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Meeting Abstract

Modeling Self-Motion Perception based on the Vestibular System


Soyka,  F
Department Human Perception, Cognition and Action, Max Planck Institute for Biological Cybernetics, Max Planck Society;
Max Planck Institute for Biological Cybernetics, Max Planck Society;

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Soyka, F. (2012). Modeling Self-Motion Perception based on the Vestibular System. In 13th Conference of the Junior Neuroscientists of Tübingen (NeNA 2012): Science and Education as Social Transforming Agents (pp. 13).

Cite as: https://hdl.handle.net/11858/00-001M-0000-0013-B57A-0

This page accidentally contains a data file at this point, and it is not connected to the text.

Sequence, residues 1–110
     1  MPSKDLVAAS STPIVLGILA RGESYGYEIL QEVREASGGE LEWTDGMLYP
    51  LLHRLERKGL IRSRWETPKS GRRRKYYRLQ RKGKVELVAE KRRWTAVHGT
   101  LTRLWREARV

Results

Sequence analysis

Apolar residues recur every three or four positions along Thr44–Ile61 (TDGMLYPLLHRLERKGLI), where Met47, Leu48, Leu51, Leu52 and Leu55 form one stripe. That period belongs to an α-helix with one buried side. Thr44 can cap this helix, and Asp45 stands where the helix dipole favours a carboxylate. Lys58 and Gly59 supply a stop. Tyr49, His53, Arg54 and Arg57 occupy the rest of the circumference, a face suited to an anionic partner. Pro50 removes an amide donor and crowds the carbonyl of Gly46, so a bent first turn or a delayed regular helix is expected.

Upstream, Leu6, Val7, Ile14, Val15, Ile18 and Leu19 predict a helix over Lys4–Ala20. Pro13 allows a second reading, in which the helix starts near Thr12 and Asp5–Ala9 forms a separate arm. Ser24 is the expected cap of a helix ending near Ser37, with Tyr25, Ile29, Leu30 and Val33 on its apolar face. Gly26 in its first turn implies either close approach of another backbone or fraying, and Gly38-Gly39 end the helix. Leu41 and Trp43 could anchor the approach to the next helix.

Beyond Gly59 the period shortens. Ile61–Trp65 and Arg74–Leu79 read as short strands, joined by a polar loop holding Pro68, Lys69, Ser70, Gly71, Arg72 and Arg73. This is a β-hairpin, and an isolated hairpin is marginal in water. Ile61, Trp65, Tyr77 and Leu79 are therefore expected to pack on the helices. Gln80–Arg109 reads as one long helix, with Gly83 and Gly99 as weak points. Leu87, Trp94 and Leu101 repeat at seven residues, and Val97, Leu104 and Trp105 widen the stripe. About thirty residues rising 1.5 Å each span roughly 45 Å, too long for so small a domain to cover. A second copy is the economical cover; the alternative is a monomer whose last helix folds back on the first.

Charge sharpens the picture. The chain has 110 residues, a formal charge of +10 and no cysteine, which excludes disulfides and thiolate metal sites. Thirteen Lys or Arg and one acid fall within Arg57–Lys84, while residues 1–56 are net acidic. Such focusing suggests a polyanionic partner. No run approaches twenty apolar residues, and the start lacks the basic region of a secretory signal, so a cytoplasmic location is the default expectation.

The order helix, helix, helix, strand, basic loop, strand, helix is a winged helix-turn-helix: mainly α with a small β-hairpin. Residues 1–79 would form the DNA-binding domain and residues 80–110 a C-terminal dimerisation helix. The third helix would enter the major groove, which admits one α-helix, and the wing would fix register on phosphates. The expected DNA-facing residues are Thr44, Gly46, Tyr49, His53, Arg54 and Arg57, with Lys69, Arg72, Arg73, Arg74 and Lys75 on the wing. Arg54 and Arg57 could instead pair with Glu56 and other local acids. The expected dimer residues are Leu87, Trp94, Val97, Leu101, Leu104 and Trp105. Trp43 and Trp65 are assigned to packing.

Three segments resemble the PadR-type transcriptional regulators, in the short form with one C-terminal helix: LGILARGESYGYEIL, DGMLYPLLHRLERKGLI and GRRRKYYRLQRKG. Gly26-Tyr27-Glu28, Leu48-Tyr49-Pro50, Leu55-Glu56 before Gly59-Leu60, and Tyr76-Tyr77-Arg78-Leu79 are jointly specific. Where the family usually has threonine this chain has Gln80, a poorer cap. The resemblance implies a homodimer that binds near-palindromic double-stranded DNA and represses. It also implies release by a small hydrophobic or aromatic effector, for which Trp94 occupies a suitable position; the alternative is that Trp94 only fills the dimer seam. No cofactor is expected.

Understanding self-motion perception is important, e.g., for developing perception-based diagnostics for patients suffering from vestibular disorders, or for improving the realism of motion simulation. Here, self-motion perception was quantified with direction discrimination thresholds and reaction times for translational and rotational motions. Models based on the physiology of the vestibular system, which plays a central role in sensing inertial motions, are introduced that are able to describe psychophysical measurements. The Max Planck Institute CyberMotion Simulator was used to measure thresholds for 9 translational and 9 rotational motion stimuli with varying acceleration profiles. A forced-choice paradigm was used in which blindfolded participants had to judge the directions of motions with varying peak accelerations until the threshold acceleration was found that yielded a predefined performance level (e.g. 75 correct answers). A similar task was used with supra threshold accelerations in order to measure reaction times for 4 translational and 4 rotational motions. The results show that thresholds and reaction times depend on the actual shape and duration of an acceleration profile. The proposed models were fit to threshold measurements and are able to describe thresholds for arbitrary motion profiles. In accordance with previous research, the estimated model parameters indicate that velocity storage does not influence rotational thresholds. For translational motions, it was found that the sensitivity to jerk (the time derivative of acceleration) is higher than previously assumed. Furthermore, the models identified based on threshold measurements are able to predict differences between reaction times for varying motion profiles measured in another group of participants. This is an important finding, because it links reaction times and threshold measurements. Therefore, future research will be able to identify self-motion perception models based on reaction times. This is advantageous, since reaction time tasks are more convenient for participants and require fewer trials, allowing for faster testing.